A UN team investigating Daesh atrocities in Iraq says it has established evidence that the crimes committed by the terrorist group against Izadis amounted to “genocide”.
Karim Khan, the head of the UN team, said there was “clear and convincing evidence” that the crimes committed by Daesh against the Izadi people as a religious group “clearly constituted genocide”.
The team, he told the UN Security Council, also identified the perpetrators “that clearly have responsibility for the crime of genocide against the Yazidi (Izadi) community.”
Back in August 2014, Daesh terrorists overran Sinjar, killing, raping, and enslaving large numbers of Izadi Kurds.
The region was recaptured in November 2015.
Nobel Peace Prize laureate Nadia Murad, an Izadi woman who was enslaved and raped by Daesh, urged the UNSC to refer the genocide against her people to the International Criminal Court (ICC) or create a special court.
“It is time for the international community to do, more than listen. It is time to act. If world leaders have the political will to act on this evidence, then justice is truly within reach,” Murad, who won the 2018 Nobel Peace Prize for her efforts to end the use of sexual violence as a weapon of war, told the Security Council Monday.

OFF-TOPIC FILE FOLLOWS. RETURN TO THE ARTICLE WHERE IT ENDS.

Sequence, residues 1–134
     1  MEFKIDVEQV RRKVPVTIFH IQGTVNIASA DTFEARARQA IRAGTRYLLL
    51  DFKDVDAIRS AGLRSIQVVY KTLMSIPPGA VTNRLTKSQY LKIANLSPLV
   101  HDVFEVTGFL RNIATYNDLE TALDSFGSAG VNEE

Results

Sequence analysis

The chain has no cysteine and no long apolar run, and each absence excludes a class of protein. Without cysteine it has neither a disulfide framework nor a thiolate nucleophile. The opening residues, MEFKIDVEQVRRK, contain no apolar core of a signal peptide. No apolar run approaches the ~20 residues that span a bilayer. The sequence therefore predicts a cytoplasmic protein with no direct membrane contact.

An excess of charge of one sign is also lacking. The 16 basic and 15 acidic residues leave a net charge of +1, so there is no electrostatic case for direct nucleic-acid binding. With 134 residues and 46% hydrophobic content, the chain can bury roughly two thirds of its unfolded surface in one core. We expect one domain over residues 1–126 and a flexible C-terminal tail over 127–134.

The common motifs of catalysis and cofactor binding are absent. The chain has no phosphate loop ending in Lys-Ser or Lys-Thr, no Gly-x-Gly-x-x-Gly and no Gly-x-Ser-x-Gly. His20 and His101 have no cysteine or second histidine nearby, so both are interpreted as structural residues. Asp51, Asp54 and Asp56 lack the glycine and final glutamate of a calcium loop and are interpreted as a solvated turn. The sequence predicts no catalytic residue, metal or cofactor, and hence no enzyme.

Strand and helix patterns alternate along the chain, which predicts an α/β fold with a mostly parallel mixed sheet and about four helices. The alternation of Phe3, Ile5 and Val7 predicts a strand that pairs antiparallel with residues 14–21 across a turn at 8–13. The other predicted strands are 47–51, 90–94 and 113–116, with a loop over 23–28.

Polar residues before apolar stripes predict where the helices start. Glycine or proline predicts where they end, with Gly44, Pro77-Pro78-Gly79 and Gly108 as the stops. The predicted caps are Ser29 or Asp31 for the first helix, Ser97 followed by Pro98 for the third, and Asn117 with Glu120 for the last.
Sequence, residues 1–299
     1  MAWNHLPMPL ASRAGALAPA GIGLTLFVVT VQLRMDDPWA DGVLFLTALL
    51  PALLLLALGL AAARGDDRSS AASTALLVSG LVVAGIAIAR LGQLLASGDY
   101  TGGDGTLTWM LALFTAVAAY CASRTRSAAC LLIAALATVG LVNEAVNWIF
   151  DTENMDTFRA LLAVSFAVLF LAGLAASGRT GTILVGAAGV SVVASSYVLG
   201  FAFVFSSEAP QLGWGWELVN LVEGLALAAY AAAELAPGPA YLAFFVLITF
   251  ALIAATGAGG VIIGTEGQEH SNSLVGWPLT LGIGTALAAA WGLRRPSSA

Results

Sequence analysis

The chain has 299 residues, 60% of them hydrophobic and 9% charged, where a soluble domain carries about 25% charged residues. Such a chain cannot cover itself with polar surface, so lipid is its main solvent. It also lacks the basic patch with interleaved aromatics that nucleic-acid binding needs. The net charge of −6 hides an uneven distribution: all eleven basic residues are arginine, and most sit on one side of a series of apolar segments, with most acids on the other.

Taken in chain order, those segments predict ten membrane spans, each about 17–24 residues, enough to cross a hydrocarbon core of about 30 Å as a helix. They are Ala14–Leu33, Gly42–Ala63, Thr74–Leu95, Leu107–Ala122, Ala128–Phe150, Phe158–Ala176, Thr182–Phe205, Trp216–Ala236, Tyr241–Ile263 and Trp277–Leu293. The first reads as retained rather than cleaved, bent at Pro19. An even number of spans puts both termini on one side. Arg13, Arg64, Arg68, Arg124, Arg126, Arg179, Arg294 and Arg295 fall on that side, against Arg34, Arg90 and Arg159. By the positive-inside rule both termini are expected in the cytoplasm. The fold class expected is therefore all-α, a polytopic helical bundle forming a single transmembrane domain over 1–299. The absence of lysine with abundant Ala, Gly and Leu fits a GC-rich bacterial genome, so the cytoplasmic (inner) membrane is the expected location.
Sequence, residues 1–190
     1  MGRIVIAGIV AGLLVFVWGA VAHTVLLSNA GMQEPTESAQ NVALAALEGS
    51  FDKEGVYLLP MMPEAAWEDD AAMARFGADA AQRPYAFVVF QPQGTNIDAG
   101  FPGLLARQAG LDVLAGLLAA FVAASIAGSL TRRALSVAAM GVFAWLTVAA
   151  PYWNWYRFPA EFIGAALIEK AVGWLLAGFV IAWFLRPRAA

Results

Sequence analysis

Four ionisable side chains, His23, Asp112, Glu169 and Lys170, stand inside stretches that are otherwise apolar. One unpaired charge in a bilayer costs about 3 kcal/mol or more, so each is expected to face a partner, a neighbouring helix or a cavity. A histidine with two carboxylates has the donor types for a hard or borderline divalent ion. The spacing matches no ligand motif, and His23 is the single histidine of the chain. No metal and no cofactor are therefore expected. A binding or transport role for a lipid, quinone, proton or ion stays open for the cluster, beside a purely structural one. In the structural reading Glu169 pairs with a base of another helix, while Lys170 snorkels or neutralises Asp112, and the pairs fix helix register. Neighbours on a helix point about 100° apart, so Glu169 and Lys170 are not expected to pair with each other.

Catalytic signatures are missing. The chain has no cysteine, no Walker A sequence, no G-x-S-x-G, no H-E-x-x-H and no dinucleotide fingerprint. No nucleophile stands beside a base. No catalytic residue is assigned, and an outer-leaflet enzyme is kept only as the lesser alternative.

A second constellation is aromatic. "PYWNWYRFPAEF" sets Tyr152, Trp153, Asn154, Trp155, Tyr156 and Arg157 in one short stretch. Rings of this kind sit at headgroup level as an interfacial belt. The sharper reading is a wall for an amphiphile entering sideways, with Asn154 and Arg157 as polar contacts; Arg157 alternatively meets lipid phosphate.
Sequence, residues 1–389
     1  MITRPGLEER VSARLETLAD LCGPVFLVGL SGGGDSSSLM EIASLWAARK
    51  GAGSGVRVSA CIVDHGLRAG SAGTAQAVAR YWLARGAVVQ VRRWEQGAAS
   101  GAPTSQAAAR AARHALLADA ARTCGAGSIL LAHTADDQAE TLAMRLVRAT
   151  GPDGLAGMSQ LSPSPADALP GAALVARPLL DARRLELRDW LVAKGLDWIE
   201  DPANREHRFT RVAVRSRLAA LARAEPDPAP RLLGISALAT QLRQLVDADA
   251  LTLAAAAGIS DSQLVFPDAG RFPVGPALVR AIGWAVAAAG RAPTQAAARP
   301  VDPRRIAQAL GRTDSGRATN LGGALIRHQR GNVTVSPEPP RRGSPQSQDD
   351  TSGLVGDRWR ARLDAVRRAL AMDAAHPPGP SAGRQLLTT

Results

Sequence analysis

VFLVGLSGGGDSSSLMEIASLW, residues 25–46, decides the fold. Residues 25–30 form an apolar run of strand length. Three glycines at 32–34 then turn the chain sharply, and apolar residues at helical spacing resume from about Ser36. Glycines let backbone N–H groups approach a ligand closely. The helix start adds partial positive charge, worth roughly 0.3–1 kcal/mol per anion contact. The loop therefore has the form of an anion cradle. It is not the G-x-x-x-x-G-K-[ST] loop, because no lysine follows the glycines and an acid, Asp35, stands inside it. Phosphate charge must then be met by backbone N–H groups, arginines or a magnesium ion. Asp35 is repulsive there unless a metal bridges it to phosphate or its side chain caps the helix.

Referring to the report of the UN team, Murad said, “The Council must now prioritize and accelerate concrete action to address the findings.”
Khan is a British lawyer who is due to become the International Criminal Court’s chief prosecutor next month.
The report of the team, which started work in 2018, also found the “repeated deployment of chemical weapons by ISIL (Daesh) against civilian populations in Iraq between 2014 and 2016, as well as the testing of biological agents on prisoners.”
Iraq declared victory over Daesh in December 2017 after a three-year counter-terrorism military campaign.
The terror outfit’s remnants, though, keep staging sporadic attacks across Iraq, attempting to regroup and unleash a new era of violence.